Edge?

    • Tibovw
      Tibovw
      Bronze
      Joined: 02.05.2010 Posts: 1,994
      What is edge? It's 'being better' then the field i guess?

      I understand the word edge kinda, but my question is:

      What does it mean poker wise exactly? (definition maybe?)
      How do SNGwiz and ICMtrainer use edge in their calculations?
      Should I pay attention to this reviewing things? (I was always adviced to put it on 0)


      So basicly I'm looking for some information on the term edge :D

      ps: I got the idea after reading this hand

      5$ non-turbo STT J9o blind war BS vs SS

      maybe this gives a better idea of what I mean exactly and what I'm looking for as an answer


      Thx !

      Tibovw
  • 1 reply
    • pzhon
      pzhon
      Bronze
      Joined: 17.06.2010 Posts: 1,151
      I set the edge to 0 most of the time. If a push will gain 0.1% of the prize pool with everything adjusted correctly, then it's a push I want to make.

      Historically, SNG analysis programs like SNG Power Tools took a shortcut. They assumed that if the hero folded, then the raiser or the big blind would win the hand, with no collisions between opponents. In practice, those collisions are a valuable source of equity, and ignoring the collisions undervalued folding. So, an edge parameter was added that players could adjust to account for collisions after they folded. This is no longer necessary because programs like SNG Wizard now calculate collisions after you fold. So, although there is a vestigial edge % since some people expect it to be there, the main reason for it is gone.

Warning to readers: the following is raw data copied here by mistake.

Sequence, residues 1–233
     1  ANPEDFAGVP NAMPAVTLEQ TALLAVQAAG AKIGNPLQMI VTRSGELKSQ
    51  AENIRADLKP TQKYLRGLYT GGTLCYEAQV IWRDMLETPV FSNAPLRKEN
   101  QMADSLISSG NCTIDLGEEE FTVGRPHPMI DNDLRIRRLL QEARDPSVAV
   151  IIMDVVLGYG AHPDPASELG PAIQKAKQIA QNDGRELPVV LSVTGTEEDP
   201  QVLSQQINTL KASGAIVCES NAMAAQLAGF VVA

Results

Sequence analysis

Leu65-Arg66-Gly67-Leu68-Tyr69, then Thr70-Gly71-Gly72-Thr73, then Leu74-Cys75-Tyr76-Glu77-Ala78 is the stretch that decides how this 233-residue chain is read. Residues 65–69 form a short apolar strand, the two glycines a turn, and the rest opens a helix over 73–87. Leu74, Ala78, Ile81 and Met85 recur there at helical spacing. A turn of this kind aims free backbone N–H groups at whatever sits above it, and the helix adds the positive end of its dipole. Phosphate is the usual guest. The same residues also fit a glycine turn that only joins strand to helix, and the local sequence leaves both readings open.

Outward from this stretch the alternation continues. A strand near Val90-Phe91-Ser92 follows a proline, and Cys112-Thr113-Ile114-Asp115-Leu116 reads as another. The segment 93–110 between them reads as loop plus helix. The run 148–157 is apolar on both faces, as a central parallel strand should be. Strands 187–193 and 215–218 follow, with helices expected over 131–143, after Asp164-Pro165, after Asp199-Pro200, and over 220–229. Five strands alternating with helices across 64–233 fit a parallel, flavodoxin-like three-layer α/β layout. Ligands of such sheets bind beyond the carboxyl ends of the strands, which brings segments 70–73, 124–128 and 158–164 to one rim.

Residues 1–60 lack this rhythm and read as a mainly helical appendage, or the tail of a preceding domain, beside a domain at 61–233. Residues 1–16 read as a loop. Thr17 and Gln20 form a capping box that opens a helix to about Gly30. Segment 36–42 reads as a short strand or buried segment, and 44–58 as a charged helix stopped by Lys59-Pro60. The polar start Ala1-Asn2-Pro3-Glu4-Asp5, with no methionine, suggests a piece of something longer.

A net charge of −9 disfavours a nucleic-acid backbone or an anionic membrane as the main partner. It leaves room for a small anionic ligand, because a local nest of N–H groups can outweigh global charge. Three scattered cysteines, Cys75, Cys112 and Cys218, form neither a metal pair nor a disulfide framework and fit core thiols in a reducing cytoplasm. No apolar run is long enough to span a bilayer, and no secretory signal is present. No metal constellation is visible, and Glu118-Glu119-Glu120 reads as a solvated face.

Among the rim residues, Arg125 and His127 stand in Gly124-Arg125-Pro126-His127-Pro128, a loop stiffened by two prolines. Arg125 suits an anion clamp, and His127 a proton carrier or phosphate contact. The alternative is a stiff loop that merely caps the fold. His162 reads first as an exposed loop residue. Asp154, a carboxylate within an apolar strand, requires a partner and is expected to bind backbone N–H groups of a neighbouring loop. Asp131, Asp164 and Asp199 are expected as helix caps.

It is true that the very best players should give up some small edges which come with a lot of immediate chip variance. Unfortunately, players who are not close to the very best misinterpret this as that they will become good by turning down larger and larger edges. This is not the case at all. The main skill you should be developing is recognizing edges, and for this to be valuable you need to take them, not turn them down.

      Historically, the level of play in SNGs was much worse, and players could sustain ROIs over 40%. Nothing close to this appears possible today. To get a good ROI now, don't turn down small edges. Or large edges you might mistakenly think are small.

      Suppose you feel that you have already achieved a high ROI which justifies turning down edges, or you have particularly bad opponents in this tournament. You should not use the same required edge for decisions which guarantee that you will play a large pot, like calling all-in, and for decisions where you might have a 20% chance to play a large pot, like pushing, and for decisions where you have a 0% chance to play a large pot, like pushing in front of short stacks.

      If you use the default edges from SNG Wizard, you will be building flaws into your game which will cost you money.